Great Kills Yacht Club – Staten Island
After our tour of New York City, we arrived for the evening at Great Kills Yacht Club on Staten Island. We choose this spot because it was out of the way and away from the city, which means it also doesn’t cost as much as marinas that are closer to the city since we plan to stay here for several days. It lies in this great man made basin that is well protected from the outer New York harbor.
Because we are members of the America’s Great Loop Cruisers Association (AGLCA), we get a discount to stay here in this marina and the AGLCA have harbor hosts scattered in multiple locations along the great loop route. Harbor Hosts are volunteers who want to help or welcome other loopers. Sometimes they will tell you about local attractions, let you borrow their car, or just generally be helpful to other loopers in that particular location. John is a member of the Great Kills Yacht Club and a harbor host for AGLCA. He was at the dock to welcome us as we came in and got us all tied up.
As I mentioned previously, it was our anniversary the day we arrived so we got showered and headed to a nice restaurant in town and had a great anniversary meal. On our way back from dinner, we stopped at the yacht club building and had a drink in their bar inside. There were a few yacht club members there and John was there as well. As soon as we walked in, John and the other greeted us right away and then asked us a bunch of questions. They were curious where we were from, where are we going, etc. to the boat, the moon was coming up and it looked just amazing. The myth that New Yorkers are abrupt and cool could not be farther from the truth. We have found everyone to be warm and welcoming and instant friends.
Here are some lovely views from our boat at the end of the dock at Great Kills Yacht Club
For my yacht club friends, let me tell you a little bit about Great Kills Yacht Club that we learned while we were here. They have about 150 members and the entire yacht club/marina is member owned and operated meaning that the membership maintains the docks, electric, and boat haul outs and operating the travel lift. They rely on the various skills that each member might have in their background, plumbers, electricians, welders, etc. There is a waiting list to become a member of the yacht club and the current waiting list is 292 people long. People waits decades to be able to make it to the top of the list. Basically someone has to die for a new member to join their ranks. Because everyone pitches in and all members are responsible for the club/marina the cost for a slip for the season is about $700. That my friends is very cheap. They also pay a whopping total of $15 to have their boat hauled out with the travel lift.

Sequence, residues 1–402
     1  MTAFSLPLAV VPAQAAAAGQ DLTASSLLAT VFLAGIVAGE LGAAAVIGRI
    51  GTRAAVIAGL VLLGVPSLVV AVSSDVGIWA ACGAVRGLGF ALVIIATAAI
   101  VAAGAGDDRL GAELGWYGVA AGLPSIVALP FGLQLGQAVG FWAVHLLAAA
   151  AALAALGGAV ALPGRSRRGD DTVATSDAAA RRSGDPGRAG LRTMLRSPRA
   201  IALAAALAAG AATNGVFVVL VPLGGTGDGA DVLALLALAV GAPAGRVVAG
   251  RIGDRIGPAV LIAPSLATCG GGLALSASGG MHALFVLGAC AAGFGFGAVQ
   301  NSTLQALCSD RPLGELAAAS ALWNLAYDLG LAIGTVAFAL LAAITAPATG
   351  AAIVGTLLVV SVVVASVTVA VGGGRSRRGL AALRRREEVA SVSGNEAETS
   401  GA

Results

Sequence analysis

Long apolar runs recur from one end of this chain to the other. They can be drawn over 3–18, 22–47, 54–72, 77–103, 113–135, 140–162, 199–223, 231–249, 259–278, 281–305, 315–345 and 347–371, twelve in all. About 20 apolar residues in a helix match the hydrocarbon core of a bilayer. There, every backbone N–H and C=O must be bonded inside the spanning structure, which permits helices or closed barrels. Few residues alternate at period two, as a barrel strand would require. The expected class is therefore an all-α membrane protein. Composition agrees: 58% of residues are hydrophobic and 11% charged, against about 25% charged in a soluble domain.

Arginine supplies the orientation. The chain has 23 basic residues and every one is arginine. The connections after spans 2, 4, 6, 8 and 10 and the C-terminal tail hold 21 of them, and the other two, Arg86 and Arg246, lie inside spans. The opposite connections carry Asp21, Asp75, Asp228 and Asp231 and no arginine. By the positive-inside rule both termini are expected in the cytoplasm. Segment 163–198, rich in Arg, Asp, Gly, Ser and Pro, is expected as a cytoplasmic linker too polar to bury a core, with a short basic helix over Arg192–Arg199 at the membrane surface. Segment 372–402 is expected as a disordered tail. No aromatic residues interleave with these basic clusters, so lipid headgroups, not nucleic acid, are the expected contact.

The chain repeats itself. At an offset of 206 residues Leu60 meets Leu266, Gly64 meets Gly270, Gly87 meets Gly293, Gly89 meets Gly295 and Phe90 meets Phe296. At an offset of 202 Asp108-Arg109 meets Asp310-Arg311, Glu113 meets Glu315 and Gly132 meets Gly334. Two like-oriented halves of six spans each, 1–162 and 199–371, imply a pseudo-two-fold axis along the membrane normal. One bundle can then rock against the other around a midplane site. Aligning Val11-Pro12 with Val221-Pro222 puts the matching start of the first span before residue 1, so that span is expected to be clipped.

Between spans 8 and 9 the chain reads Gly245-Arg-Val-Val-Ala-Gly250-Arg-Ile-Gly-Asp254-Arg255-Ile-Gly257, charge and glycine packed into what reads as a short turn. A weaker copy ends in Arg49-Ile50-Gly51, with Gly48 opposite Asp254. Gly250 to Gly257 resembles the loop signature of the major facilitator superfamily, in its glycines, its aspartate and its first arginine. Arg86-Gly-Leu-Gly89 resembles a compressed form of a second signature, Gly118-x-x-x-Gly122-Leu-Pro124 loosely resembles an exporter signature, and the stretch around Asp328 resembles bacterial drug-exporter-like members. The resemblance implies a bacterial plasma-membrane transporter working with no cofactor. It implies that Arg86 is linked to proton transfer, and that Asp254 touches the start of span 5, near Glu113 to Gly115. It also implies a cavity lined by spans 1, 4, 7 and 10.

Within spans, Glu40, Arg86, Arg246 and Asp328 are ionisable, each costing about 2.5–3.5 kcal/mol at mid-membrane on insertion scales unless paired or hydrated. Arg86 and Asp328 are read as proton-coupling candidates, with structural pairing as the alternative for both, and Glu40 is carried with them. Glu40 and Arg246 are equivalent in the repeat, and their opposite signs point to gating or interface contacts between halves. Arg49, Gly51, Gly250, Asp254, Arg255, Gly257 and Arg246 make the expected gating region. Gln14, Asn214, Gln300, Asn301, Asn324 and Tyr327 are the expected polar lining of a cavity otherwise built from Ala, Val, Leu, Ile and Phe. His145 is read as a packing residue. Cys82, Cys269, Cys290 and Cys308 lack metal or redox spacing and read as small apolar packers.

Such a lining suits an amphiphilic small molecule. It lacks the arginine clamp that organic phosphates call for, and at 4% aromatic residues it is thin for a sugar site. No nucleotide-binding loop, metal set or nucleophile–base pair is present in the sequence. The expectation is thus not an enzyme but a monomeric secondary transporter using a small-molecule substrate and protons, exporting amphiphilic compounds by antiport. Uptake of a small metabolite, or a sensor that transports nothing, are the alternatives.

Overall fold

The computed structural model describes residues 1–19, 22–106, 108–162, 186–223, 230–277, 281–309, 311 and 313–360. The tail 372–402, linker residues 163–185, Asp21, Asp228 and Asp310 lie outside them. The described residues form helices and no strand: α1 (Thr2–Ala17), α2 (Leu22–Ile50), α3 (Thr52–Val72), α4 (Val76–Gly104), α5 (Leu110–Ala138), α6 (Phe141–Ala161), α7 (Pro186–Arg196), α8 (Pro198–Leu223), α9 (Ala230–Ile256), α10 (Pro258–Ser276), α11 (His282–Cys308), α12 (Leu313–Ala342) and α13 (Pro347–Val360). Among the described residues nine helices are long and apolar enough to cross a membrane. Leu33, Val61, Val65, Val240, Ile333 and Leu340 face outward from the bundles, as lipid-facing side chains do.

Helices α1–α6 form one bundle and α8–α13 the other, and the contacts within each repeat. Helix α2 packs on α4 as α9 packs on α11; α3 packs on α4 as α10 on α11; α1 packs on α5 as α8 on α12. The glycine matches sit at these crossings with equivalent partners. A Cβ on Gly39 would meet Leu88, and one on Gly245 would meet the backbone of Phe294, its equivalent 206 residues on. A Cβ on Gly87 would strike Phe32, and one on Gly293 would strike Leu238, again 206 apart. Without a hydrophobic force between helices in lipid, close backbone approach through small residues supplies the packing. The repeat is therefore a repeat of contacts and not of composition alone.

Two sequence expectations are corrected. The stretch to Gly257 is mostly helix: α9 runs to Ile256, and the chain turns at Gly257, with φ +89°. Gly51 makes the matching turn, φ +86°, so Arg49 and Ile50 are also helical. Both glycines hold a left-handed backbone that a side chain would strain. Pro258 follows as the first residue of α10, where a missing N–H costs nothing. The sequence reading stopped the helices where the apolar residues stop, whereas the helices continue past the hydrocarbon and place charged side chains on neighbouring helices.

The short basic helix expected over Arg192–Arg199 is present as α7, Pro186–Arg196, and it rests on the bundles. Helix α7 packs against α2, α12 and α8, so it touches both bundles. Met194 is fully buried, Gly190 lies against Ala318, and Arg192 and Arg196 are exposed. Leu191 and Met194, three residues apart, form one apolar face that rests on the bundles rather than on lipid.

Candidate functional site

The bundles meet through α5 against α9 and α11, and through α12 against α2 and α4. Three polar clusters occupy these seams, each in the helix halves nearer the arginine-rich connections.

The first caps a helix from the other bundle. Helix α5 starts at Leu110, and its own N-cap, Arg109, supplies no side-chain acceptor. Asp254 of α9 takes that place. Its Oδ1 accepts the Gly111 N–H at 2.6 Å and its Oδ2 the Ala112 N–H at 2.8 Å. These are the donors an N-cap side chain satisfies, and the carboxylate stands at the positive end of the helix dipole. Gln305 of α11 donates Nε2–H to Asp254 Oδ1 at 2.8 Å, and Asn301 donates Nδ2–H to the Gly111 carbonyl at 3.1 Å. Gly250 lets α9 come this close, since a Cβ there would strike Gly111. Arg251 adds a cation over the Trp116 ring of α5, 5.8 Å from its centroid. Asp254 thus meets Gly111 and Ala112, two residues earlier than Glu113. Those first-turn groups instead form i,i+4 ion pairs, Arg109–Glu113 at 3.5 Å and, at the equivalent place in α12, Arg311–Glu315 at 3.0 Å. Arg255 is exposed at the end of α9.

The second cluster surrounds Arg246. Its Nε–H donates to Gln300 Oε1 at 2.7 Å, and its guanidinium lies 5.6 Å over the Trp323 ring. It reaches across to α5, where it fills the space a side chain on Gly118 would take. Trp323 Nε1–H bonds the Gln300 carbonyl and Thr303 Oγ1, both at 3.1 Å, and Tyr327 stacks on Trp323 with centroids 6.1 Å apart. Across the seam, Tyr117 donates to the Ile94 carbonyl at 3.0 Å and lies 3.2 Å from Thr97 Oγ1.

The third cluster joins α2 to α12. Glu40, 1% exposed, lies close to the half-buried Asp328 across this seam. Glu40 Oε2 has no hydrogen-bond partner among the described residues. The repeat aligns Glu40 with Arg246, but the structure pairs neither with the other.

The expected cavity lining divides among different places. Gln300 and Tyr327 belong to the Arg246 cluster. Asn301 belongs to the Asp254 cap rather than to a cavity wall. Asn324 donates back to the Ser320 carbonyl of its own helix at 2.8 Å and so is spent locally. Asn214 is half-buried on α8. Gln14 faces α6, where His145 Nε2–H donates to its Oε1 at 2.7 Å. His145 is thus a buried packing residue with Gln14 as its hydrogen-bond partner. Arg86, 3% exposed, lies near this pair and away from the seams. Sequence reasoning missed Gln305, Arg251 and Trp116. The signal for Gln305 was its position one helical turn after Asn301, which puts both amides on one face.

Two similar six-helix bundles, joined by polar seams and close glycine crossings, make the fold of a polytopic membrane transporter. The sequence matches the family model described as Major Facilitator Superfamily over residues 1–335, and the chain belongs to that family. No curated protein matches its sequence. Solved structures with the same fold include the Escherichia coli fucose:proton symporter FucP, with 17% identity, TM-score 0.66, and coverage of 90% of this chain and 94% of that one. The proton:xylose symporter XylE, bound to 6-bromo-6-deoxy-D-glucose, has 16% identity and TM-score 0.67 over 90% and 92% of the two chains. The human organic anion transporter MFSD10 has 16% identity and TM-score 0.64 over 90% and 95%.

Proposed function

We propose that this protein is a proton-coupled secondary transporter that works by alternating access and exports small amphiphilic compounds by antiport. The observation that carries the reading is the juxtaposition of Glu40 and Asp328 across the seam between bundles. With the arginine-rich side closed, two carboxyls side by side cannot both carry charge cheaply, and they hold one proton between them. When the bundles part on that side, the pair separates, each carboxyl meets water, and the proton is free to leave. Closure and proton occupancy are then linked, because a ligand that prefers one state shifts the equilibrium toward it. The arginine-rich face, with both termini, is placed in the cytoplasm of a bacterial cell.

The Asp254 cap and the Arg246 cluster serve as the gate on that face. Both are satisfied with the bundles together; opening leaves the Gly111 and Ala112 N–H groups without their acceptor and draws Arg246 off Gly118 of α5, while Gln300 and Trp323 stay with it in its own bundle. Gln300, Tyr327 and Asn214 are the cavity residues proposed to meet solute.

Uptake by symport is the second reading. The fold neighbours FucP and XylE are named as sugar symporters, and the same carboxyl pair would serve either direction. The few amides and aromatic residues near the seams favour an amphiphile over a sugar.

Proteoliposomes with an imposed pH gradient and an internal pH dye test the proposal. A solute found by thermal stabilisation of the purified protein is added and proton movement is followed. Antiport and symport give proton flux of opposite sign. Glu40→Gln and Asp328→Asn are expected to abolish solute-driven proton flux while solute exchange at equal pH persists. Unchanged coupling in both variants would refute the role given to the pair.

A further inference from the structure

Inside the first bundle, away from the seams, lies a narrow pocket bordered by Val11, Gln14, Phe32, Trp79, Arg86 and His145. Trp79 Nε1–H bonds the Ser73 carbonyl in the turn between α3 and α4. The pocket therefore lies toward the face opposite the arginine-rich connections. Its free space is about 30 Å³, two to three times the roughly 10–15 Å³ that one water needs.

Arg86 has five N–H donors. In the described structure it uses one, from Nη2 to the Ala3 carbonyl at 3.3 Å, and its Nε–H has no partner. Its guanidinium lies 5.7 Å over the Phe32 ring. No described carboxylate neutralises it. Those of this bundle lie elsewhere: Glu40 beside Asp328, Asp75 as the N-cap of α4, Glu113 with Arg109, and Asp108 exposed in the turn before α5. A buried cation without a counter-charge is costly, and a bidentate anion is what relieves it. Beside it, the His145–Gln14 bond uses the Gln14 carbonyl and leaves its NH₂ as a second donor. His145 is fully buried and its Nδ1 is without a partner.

Some of the history of Great Kills includes a time during prohibition in the 1920’s. Wealthy people from NYC would come to Great Kills on Staten Island to drink illegal alcohol at the yacht club. This provided to be a very lucrative business for the yacht club. After prohibition ended, the revenue stream for illegal alcohol dried up and people went elsewhere to get the drinks. So, the yacht club opened a brothel on the third floor of the club house to continue a revenue stream and continue to attract clients.
On another note, one night when we were hanging at the yacht club, they were having a member meeting. We found out that they are very traditional with regard to their membership and meetings. Women not only were not allowed to be officers of the yacht club, they also were not allowed to even attend membership meetings. Men only! Yes, I know….it is 2021!
Here’s a view of the clubhouse:
The rest of our time at Great Kills was spent in preparation for our friend Tim to join us, provisioning food, and preparing some meals as we prepare to head offshore in the Atlantic for an overnight passage to Cape May, NJ.
We found this great little Italian grocery/deli with wonderful Italian meats, cheeses, bread, etc. Frank and Sal’s –
We also walked about 1.7 miles to the nearest large grocery store to stock up on several things that we needed. We took an Uber back so we didn’t have to carry our heavy grocery the 1.7 miles back.
Then I took sometime to make a pot roast with carrots and potatoes and made some ginger snap cookies. I spent an entire day cooking so we will have some ready prepared food for our overnight passage to Cape May.
Tim arrived to the boat on the morning of Tuesday September 28th. We spent the day helping to get Tim settled and giving him a run down of where things are on the boat and what he would need to know about the electronics and navigation for our trip south. We have been carefully watching the weather to determine the timing of our departure from Great Kills since we will need at least about a 48 hour window of good weather and the wind from at least any direction but south.
While we wait for weather we had a great dinner at a nearby Italian restaurant. Fiore Di Mare….delicious